The term “continuous improvement” has been around a long time. The truth is most companies don’t do continuous improvement at all, rather they schedule improvements in batches and projects.
The effect of batch improvements is that “improvement” is not “business as usual” and people learn what they do every day, not what they do intermittently. That is one reason why it is usually necessary to precede a kaizen event with a training session.
But there is a deeper ramification here that challenges the very goal of the process.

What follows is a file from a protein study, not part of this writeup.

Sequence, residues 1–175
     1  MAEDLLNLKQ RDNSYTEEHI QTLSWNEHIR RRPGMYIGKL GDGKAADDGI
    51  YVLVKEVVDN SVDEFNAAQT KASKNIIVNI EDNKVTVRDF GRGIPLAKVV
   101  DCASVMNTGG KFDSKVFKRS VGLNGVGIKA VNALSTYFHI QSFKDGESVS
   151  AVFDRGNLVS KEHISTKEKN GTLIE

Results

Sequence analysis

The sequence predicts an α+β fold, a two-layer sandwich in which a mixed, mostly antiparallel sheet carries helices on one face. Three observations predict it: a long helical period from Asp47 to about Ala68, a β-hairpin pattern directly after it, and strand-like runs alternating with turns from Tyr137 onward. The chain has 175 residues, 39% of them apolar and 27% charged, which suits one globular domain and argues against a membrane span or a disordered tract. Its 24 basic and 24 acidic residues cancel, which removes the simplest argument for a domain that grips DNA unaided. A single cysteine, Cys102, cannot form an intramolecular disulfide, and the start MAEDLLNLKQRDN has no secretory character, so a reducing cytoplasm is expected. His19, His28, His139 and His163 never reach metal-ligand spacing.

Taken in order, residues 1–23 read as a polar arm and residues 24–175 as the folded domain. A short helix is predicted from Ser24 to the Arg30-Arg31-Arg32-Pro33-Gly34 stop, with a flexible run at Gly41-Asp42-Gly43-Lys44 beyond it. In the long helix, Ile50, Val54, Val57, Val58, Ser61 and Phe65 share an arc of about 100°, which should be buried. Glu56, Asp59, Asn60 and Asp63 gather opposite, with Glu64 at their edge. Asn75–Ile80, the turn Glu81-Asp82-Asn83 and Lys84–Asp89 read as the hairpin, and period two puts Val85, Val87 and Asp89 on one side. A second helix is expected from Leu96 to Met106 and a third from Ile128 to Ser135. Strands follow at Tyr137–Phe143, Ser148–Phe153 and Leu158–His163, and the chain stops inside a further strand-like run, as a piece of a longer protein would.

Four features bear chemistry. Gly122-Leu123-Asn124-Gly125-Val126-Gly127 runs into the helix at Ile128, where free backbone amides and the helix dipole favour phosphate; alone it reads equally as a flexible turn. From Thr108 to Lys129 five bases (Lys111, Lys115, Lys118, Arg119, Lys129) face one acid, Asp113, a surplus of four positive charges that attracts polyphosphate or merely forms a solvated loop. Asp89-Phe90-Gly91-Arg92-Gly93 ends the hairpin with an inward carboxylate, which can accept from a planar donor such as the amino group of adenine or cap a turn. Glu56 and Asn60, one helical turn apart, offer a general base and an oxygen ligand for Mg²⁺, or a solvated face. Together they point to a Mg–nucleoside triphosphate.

We all assume (myself included up to this point) that the goal is continuous process improvement.
Maybe it is.
But we also say it is about developing people.
Processes come and go with new technology, new products, reorganizations, etc. The people are the only constant.
Let me float this idea out there –
How would your continuous improvement process change if you thought of its primary objective as continuously improving the capability of your people?
Process improvement would be a vehicle for people development. In effect, your success at process improvement would be an indicator of how well you were developing people.
To paraphrase a common expression, process improvement is the shadow of how well you develop your people.
That would mean if your process of continuous improvement is targeted at anything other than the capability of people, you are trying to move a shadow by pushing on it.
Its about the people.